Lance arrived back on the Island the next afternoon, he was exasperated to hear about the turtle and told us that it was in fact not legal. A permit exists for special occasions such as a chief’s funeral, but Lance had seen too many turtles killed to know that in the Islands they do not worry too much about the paperwork. On the Island only two weeks ago another turtle perished at a church fund raiser. Last night another turtle was offered at a 21st birthday party! It was maybe that turtle, which was literally offered on a plate to Lance that was the last straw. Lance made a stand this Sunday morning and talked to the elders, asking them strongly to let the turtle go. The talks went well and on Tuesday donated pork will be eaten in the turtles place.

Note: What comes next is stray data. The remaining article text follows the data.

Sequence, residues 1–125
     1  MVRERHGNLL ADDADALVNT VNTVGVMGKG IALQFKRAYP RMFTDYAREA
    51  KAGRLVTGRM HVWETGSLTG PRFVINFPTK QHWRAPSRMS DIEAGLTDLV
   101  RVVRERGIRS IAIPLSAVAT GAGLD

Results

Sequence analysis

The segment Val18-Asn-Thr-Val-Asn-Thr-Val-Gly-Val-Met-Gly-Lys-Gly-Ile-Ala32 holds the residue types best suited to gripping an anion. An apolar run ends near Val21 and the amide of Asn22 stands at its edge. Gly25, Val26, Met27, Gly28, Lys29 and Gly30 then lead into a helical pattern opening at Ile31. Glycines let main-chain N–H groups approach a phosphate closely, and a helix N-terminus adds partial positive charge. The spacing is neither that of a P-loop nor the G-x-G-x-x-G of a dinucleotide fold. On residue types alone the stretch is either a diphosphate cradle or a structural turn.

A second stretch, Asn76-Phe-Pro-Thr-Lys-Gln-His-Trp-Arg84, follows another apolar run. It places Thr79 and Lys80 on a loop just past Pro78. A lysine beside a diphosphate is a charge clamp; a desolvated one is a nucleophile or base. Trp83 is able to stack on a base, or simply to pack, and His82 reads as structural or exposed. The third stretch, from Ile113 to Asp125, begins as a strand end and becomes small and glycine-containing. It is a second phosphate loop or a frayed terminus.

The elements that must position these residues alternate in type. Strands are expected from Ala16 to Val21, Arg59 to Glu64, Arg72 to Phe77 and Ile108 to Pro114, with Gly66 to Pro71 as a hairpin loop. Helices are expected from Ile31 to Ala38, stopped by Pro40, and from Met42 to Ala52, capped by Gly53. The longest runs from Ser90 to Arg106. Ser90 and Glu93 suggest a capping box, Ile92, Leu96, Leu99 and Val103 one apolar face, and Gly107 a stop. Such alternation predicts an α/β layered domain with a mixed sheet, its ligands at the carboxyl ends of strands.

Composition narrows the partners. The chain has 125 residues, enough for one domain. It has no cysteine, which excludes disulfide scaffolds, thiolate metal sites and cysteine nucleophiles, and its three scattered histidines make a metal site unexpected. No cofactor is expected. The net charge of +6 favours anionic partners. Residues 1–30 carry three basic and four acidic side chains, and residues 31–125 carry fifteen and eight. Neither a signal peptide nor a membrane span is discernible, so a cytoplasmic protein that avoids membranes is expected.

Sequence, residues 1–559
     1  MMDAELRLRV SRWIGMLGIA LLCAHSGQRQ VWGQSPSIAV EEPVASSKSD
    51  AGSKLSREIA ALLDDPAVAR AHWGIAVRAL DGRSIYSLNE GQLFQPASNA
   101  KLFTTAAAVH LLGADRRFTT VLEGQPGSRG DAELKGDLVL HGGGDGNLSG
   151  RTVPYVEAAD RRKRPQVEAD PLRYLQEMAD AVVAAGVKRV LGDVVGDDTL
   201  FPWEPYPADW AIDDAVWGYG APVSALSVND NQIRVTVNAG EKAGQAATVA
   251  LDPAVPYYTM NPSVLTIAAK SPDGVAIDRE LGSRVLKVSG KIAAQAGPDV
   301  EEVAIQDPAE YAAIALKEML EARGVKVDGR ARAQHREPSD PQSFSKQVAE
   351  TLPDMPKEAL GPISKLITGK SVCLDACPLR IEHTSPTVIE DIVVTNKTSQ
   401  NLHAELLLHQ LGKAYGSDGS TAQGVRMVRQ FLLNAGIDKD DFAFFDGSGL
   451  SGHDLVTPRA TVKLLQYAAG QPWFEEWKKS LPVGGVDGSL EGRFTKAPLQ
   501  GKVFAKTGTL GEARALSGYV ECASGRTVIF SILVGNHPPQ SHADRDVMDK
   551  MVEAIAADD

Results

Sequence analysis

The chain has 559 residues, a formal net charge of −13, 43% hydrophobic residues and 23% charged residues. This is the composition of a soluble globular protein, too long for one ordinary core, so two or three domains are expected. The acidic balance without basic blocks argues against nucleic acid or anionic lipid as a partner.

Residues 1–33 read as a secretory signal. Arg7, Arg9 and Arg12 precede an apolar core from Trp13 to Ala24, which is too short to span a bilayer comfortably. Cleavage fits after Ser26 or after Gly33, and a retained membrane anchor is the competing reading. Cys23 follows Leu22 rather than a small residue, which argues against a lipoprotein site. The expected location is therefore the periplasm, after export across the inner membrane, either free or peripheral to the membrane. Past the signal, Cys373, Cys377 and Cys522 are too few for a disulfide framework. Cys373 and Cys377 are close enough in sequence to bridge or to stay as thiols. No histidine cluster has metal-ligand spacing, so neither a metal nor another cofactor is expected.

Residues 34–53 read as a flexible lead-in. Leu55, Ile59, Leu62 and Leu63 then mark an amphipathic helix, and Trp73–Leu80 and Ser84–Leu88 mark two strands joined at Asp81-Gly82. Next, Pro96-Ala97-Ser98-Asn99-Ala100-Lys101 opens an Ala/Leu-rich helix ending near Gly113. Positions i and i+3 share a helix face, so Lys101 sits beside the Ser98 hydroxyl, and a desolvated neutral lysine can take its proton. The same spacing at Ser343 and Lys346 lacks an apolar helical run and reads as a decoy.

We lifted the big turtle into a wheel barrow with some effort and took him to the sea not knowing what to expect, he must have thought that his end was near, he must have been surprised to see the Ocean rather than a fire at the end of his upside down journey. I had wondered if it was too late, at least I expected the turtle to need rest and recovery after his week long ordeal. The turtle saw the water in front of him and realising that he was no longer on his back, must have thought it was a once in a life time opportunity that he could not miss, he struggled immediately into the water. It surprised me that many of the people who were happy to eat this beautiful turtle now celebrated his release, he was tired and swam slowly on the surface for a long way with myself and Lance as his companions walking behind him, but he did not look back, we wished him the best of luck.